Last update: March 26, 2019



The Somali National Army (SNA) and regional African Union Mission in Somalia are conducting a joint offensive to secure supply routes in southern Somalia. The SNA is unlikely to retake significant territorial control or obtain full responsibility for security operations before 2020. Al-Shabaab fighters in early 2019 are likely to target pro-Islamic State forces in northeastern Puntland. However, Islamic State's presence is unlikely to be completely eradicated, with its operations being geographically limited and focused on assassination of government officials. Bosaso port is an aspirational target for both groups. VBIED attacks in capital Mogadishu occur once a month, targeting the airport, hotels, police stations, and government buildings.

Last update: December 28, 2018

War Risks

Former Puntland President Abdiweli Gaas's failed re-election bid at the 8 January 2019 regional election reduces the likelihood that his plans to recapture the disputed town of Tukaraq, Sool region will be pursued in 2019. Tukaraq was captured by rival Somaliland forces on 8 January 2018, and both sides have deployed artillery and mechanised units there. Military escalation is unlikely as neither side is currently capable of achieving a decisive victory. Urban centres and ports are unlikely to be affected. Separately, Galmudug state has improved relations with the Sufi-aligned ASWJ militia, but the organisation of power-sharing remains a key dispute that is unlikely to be resolved.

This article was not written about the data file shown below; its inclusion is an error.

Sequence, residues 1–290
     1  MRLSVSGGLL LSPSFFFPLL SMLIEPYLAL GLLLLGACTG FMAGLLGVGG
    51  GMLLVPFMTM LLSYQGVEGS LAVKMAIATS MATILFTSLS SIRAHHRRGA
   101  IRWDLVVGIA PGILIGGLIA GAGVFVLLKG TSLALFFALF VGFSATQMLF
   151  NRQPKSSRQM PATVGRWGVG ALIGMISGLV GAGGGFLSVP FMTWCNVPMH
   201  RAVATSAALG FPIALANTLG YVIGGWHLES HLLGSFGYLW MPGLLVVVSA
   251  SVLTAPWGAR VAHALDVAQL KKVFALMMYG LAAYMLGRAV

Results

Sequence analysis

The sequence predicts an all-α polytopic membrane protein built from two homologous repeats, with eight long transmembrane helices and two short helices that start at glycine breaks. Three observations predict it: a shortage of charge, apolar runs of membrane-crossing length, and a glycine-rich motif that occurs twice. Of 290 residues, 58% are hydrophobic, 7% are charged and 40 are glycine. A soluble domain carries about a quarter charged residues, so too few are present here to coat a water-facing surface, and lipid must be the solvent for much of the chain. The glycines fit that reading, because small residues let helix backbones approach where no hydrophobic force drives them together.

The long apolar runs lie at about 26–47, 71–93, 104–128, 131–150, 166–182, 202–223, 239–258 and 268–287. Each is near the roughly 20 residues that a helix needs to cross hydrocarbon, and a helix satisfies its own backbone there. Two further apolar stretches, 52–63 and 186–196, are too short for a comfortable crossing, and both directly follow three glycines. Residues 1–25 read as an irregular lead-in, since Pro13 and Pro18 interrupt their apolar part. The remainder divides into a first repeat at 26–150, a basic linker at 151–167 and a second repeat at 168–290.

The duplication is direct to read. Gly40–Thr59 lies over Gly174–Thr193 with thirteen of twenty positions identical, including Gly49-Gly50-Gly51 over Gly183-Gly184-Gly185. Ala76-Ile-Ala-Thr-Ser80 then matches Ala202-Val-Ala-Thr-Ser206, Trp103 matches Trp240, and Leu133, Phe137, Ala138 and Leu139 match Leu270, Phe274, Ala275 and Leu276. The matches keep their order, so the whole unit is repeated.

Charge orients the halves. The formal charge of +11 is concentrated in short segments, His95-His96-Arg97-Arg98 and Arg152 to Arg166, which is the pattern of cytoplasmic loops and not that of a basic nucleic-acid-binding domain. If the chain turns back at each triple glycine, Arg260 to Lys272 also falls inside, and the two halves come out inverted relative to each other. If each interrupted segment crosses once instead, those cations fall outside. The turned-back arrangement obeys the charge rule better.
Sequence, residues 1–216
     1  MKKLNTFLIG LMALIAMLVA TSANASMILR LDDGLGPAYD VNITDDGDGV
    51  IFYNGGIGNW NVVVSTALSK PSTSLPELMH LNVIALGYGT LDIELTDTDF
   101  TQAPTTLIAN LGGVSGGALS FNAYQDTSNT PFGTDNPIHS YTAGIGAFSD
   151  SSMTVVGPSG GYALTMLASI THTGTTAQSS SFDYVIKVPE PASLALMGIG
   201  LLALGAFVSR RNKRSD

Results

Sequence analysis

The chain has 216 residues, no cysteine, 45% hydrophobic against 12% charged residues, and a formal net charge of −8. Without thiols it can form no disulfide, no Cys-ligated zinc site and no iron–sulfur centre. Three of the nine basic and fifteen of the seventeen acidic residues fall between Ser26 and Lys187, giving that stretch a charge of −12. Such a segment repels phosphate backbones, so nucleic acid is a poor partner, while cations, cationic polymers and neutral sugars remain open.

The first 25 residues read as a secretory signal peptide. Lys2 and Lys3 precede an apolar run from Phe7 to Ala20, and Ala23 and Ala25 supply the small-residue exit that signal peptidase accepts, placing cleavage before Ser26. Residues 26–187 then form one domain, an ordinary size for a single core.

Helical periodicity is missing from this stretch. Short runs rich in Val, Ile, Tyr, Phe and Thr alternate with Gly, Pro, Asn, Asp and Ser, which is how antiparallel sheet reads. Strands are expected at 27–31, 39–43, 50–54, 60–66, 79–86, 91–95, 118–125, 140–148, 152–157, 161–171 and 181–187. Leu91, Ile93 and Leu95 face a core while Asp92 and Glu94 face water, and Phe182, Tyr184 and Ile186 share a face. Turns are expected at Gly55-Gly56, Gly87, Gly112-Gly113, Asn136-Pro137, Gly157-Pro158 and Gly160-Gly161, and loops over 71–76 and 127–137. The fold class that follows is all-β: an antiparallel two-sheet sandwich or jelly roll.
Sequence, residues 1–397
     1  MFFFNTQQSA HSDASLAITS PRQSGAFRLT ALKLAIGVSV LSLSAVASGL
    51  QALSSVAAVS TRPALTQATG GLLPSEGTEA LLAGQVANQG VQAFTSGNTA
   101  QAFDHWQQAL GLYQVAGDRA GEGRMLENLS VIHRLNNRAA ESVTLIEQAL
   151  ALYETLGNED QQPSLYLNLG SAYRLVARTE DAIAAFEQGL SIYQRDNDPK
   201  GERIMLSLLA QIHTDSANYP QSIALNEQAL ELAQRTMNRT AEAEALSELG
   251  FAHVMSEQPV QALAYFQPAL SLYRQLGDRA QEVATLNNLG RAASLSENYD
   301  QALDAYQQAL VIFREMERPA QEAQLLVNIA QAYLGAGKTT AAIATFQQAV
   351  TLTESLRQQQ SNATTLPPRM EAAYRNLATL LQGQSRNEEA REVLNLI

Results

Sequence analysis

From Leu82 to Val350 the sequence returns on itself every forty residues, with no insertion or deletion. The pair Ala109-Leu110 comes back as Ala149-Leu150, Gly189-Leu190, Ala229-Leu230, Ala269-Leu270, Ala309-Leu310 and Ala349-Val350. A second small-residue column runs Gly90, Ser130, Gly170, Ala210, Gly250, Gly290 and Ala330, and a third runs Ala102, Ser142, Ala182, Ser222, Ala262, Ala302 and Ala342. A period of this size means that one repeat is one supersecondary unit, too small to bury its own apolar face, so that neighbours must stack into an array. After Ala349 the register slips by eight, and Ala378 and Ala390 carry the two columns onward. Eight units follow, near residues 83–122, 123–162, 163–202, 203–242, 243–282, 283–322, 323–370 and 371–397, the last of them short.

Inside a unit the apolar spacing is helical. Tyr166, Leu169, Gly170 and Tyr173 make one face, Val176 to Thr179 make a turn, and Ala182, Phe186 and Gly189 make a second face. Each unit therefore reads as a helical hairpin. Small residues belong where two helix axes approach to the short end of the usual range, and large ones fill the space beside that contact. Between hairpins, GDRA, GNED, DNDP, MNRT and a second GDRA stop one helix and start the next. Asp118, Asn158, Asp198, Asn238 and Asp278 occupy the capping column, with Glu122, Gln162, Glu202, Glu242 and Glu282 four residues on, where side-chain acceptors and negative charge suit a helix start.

Last update: January 12, 2019

Social Stability


Disputes over the ongoing devolution process trigger violent protests, at least twice a year, between rival clans in Galkayo, Galmudug, Garowe, and Nugaal regions. Violent protests are likely in Baidoa, South West state, in opposition to regional elections held in December 2018 that were perceived to have been unduly influenced by the federal government. Separately, protests by the Puntland Security Force over wage arrears will probably intensify after a new regional president was elected in Puntland in January 2019. Roadblocks and the occupation of government buildings in Galkayo and Garowe is likely.

Last update: March 26, 2019

Health Risk


Vaccinations required to enter the country

Proof of vaccination against yellow fever is required for all individuals traveling from a country with risk of yellow fever transmission.

Routine Vaccinations

Hepatitis A: A vaccine is available for anyone over one year of age. The vaccine may not be effective for certain people, e.g. those born before 1945 and who lived as a child in a developing country and/or have a past history of jaundice (icterus). These people can instead get a shot of immune globulin (IG) to boost their immunity against the disease.

Hepatitis B: A vaccine is available for children at least two months old.

Diphtheria-Tetanus-Polio: A booster shot should be administered if necessary (once every ten years).

Yellow Fever: A vaccine is available for children over the age of one year.